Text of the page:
The zone defense has really been put on the back burner for several weeks as they have wanted to work on their man defense. Rick Carlisle knows that the team can not be a zone-centered defense. I would expect it to come back in a more prominent feature as the season winds down, but the team will go as far as their man defense takes them. Mavericks Owner Mark Cuban has said that the team needs to work over the final stretch of games on building the playoff focus and making every possession matter. That clearly needs to happen if the Mavericks will have playoff success.
Playoffs? You wanna talk about playoffs? After the Heatles took the Spurs to the woodshed on Monday, many PtRers bemoaned our fate, doubting the Spurs' ability to win a single postseason game. Although this might be a slight overreaction, I admit to keeping a close eye on the standings. Do I believe the Silver & Black can take both the Lakers and the Mavs? Yes. But do I want to see both of those teams in the postseason? Hell no! Those two teams scare me, so feel free to beat up the Lakers in the 2nd round in a long, grueling seven-game series. Of course, this is assuming the standings stay as is, which might be putting the cart before the horse.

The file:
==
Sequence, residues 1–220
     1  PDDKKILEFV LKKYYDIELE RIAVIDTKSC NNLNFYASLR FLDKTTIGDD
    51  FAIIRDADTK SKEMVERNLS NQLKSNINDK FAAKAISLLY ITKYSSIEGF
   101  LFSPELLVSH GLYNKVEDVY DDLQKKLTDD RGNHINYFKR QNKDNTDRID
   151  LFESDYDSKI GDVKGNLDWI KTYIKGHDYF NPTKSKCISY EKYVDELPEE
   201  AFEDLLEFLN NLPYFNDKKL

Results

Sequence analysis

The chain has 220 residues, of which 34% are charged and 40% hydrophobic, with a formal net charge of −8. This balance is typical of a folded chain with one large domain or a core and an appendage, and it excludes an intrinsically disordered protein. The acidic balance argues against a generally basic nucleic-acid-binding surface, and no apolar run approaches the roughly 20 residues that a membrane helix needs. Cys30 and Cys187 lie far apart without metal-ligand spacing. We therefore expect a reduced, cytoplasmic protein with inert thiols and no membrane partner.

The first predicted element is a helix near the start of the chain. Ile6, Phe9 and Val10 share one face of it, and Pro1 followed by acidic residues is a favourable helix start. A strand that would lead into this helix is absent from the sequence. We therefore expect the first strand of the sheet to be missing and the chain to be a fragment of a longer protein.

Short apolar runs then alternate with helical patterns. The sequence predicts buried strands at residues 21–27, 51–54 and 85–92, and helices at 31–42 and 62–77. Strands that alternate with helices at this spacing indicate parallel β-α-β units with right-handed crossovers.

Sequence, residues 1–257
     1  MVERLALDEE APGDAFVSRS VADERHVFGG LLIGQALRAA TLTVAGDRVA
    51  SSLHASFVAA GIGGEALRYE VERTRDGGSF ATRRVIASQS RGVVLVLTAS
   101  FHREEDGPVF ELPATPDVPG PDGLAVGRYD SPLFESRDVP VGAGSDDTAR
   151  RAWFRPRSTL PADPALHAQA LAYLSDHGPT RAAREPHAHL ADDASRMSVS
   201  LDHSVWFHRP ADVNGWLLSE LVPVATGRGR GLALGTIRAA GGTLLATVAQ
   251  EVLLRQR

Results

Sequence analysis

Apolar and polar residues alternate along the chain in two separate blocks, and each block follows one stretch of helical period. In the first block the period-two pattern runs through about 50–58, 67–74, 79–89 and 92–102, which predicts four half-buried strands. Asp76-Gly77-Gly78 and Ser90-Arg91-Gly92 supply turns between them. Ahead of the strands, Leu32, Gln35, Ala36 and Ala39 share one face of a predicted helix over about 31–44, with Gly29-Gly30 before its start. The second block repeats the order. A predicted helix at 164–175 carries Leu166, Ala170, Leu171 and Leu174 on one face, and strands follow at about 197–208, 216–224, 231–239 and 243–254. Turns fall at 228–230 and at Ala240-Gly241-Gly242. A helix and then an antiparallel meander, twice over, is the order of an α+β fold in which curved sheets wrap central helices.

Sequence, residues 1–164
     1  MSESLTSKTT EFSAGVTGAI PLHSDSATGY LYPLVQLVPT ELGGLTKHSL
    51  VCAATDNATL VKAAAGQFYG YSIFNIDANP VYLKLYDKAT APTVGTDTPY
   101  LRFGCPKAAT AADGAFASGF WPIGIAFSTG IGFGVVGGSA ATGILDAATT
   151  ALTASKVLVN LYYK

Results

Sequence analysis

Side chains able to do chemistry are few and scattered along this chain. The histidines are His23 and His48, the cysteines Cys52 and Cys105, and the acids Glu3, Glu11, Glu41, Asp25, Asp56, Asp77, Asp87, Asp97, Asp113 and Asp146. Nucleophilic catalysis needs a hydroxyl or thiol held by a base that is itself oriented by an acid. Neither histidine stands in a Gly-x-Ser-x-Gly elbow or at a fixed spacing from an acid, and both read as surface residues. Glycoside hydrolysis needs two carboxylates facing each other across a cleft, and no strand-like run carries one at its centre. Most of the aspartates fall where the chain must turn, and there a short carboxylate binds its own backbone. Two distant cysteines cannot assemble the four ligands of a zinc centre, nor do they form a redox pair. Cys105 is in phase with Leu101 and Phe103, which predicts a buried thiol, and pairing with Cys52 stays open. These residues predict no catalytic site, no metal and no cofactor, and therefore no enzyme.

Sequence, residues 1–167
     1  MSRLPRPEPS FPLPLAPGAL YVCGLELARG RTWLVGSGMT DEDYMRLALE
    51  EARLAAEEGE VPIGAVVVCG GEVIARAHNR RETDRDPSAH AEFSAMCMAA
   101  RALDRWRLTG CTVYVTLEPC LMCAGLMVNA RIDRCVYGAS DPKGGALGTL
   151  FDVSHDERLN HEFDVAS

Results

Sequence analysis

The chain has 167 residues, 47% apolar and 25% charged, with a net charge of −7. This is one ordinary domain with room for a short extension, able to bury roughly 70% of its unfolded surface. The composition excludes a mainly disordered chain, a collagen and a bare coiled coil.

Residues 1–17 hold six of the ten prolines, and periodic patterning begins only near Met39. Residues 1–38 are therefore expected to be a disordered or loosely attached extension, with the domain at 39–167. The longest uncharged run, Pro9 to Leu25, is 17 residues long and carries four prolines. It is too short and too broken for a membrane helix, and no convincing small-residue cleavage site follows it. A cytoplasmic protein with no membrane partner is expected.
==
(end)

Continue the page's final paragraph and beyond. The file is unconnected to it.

Before I get to talking about this Friday's game, I'm going to take a few moments to give some kudos to the Southwest Division. We Spurs' fans like to talk about being under the radar, but dangit, the entire Southwest Division needs to get a little more love. Every other division has at least one team under .300. Heck, our division doesn't even have a team under .500. As of today, half of the Western Conference playoff teams would be from our neck of the woods. That's rather impressive in my books.